How to Hold a Cat (The Right Way)
We all know cats look adorable and many love to be petted but when it comes to picking them up for a cuddle, not all kits are totally sure. With their flighty personalities, many can be easily spooked when they feel they are being scooped up off the ground. And the last thing you want is a mid-air skirmish with a cat who is desperate to get back on to terra firma.
But even if your cat is not a cuddle puss, there are going to be times when they need to be picked up and held, whether that’s to lift them to a safer place or for an examination at the vets. So, how do you pick up a feline? We give you the lowdown on how to properly hold a cat.
Do Cats Like Being Held?
For a host of reasons, not every cat likes to be picked up and held so it is important to know what factors are at play. Your cat may not have been sufficiently socialized as a kitten and is still unsure of the human touch, some cats are wilder in their temperaments than others while some cats may have had a bad past experience that has left them skittish and fearful. There are also some breeds such as the Ragdoll that are willing participants and love to be held, while other breeds, the Bengal for example, that are not that into being picked up and cuddled.
- Read how your cat is feeling
But even if your cat is willing to tolerate or enjoy being held, you will need to be able to read their body language and mood, so you know they are up for being picked up. Your cat will tell you if he wants your attention by rubbing up against you or by meowing and playing. But if he tries to hide, scratch or turns away, this is a sure sign he’s not too keen on having company. His tail is also a good indicator – held upright he is content but if his tail is thumping or swaying quickly, he is a tad on the agitated side, especially if his ears are also laid back flat against his head. If you have grumpy or timid cat situation, try to calm him down with some gentle rubs and tickles to his head but if his body language remains unsure or downright unhappy, then it’s probably best to give him a little space.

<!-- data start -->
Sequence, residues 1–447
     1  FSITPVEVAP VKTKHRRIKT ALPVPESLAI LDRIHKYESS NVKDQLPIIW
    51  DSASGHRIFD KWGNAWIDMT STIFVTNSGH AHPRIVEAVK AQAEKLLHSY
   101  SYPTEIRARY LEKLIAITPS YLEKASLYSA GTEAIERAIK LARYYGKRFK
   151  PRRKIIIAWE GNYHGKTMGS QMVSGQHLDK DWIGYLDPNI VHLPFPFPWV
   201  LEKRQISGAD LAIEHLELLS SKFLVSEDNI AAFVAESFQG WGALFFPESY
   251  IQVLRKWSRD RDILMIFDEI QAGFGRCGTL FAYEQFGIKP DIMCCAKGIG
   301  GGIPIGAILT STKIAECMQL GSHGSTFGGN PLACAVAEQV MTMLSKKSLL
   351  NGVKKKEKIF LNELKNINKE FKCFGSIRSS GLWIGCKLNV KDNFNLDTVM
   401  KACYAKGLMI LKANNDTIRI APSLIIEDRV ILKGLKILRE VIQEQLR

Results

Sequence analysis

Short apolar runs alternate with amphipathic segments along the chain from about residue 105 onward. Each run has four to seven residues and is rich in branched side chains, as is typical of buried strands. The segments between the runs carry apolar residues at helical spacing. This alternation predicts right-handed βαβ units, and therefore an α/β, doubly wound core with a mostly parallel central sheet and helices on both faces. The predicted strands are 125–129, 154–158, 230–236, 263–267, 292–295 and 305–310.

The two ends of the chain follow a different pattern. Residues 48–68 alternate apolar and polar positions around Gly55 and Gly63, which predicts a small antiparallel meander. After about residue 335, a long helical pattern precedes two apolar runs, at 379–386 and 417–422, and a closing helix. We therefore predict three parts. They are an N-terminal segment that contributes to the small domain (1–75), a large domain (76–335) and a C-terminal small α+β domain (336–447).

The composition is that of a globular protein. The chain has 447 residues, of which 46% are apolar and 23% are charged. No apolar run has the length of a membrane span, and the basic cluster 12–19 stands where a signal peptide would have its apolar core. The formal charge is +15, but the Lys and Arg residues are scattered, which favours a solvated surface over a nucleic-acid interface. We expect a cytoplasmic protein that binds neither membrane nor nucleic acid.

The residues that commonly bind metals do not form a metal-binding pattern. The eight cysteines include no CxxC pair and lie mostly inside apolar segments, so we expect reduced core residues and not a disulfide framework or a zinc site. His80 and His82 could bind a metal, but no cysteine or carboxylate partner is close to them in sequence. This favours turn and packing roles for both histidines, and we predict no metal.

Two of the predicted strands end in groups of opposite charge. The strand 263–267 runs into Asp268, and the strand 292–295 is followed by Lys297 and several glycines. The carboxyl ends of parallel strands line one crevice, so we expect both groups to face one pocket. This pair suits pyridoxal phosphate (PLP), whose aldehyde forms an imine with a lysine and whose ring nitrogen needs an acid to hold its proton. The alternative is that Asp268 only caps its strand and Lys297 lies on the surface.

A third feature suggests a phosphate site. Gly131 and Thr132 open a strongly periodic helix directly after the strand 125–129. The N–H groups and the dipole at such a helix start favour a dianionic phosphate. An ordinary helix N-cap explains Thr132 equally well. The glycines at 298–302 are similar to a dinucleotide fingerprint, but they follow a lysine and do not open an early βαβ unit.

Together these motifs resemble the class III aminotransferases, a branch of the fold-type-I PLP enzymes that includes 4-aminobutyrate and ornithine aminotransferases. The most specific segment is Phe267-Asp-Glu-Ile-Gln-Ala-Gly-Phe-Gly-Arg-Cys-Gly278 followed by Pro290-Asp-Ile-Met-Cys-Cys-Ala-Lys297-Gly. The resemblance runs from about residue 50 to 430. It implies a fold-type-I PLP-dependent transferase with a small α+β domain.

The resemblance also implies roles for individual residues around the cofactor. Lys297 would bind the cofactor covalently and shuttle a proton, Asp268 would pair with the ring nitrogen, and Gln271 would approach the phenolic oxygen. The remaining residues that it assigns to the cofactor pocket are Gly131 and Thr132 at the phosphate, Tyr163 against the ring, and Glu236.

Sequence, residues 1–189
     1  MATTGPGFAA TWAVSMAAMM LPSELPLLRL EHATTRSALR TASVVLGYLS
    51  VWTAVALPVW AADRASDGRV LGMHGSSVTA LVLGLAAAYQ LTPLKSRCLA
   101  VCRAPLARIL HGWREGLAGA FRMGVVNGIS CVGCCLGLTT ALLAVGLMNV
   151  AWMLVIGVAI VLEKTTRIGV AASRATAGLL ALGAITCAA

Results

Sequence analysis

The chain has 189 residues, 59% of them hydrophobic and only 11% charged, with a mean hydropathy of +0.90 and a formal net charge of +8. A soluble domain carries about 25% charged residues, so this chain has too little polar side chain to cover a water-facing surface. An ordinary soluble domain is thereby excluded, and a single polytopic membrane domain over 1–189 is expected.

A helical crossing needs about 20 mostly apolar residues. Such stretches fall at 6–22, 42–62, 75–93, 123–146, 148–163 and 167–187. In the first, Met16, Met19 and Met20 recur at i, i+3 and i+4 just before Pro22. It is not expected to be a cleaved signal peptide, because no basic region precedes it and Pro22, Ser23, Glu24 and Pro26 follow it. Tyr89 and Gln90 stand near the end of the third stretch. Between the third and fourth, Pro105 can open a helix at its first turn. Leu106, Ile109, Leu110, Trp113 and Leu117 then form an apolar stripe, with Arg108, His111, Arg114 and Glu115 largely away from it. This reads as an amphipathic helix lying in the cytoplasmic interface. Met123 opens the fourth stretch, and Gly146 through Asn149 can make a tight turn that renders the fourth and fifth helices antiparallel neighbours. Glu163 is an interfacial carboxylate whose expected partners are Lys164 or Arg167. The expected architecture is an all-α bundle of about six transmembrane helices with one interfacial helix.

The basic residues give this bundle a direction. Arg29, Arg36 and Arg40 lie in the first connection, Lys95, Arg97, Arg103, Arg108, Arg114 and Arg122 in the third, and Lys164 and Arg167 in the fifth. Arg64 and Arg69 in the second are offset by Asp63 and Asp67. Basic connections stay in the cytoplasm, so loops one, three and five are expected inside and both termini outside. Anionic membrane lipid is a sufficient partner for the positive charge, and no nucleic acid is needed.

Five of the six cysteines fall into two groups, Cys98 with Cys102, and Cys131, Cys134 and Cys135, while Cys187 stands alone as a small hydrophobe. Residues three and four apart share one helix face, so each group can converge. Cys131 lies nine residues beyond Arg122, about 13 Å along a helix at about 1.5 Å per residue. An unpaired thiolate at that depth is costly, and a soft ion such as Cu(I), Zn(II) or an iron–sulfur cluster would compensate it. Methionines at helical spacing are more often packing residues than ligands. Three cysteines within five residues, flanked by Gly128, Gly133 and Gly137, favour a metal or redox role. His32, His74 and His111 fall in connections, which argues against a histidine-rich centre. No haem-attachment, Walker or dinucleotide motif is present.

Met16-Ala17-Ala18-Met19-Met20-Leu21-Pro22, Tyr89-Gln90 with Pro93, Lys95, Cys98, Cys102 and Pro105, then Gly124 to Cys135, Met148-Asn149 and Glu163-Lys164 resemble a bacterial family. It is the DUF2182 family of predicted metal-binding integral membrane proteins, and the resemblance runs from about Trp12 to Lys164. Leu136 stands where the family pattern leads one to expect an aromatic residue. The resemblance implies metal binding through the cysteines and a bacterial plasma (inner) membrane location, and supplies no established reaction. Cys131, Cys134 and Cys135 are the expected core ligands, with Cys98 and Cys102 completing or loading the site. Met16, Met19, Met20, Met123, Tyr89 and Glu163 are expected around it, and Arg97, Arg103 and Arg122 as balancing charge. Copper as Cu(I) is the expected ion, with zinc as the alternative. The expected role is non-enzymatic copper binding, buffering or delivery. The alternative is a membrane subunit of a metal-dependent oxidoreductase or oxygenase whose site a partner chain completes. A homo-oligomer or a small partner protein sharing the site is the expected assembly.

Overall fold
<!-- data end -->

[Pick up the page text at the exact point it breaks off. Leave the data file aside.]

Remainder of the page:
- Before you pick up, put your cat at ease
Assuming your cat’s body language and mood indicate they are open to be picked up, don’t rush in but take a few moments to put your kit at ease. Approach them so they can see and know you are coming and talk to them softly to keep them feeling calm and secure. Suddenly launching yourself at your cat or picking them up from behind so they are unawares is going to be seen as a threatening situation and can cause them to panic and feel unsafe.
Before you go for the pick up, put your hand out without any sudden movements so she can come to you for a head rub and a reassuring touch.
How to Pick Up a Cat
Once they are at ease, there are three simple steps to correctly picking up and holding a cat:
- Crouch down so that you are at your cat’s level and they are not intimated by you coming at them from above. Being level with your cat also ensures you can continue to engage and reassure them, while reading any subtle body language being displayed.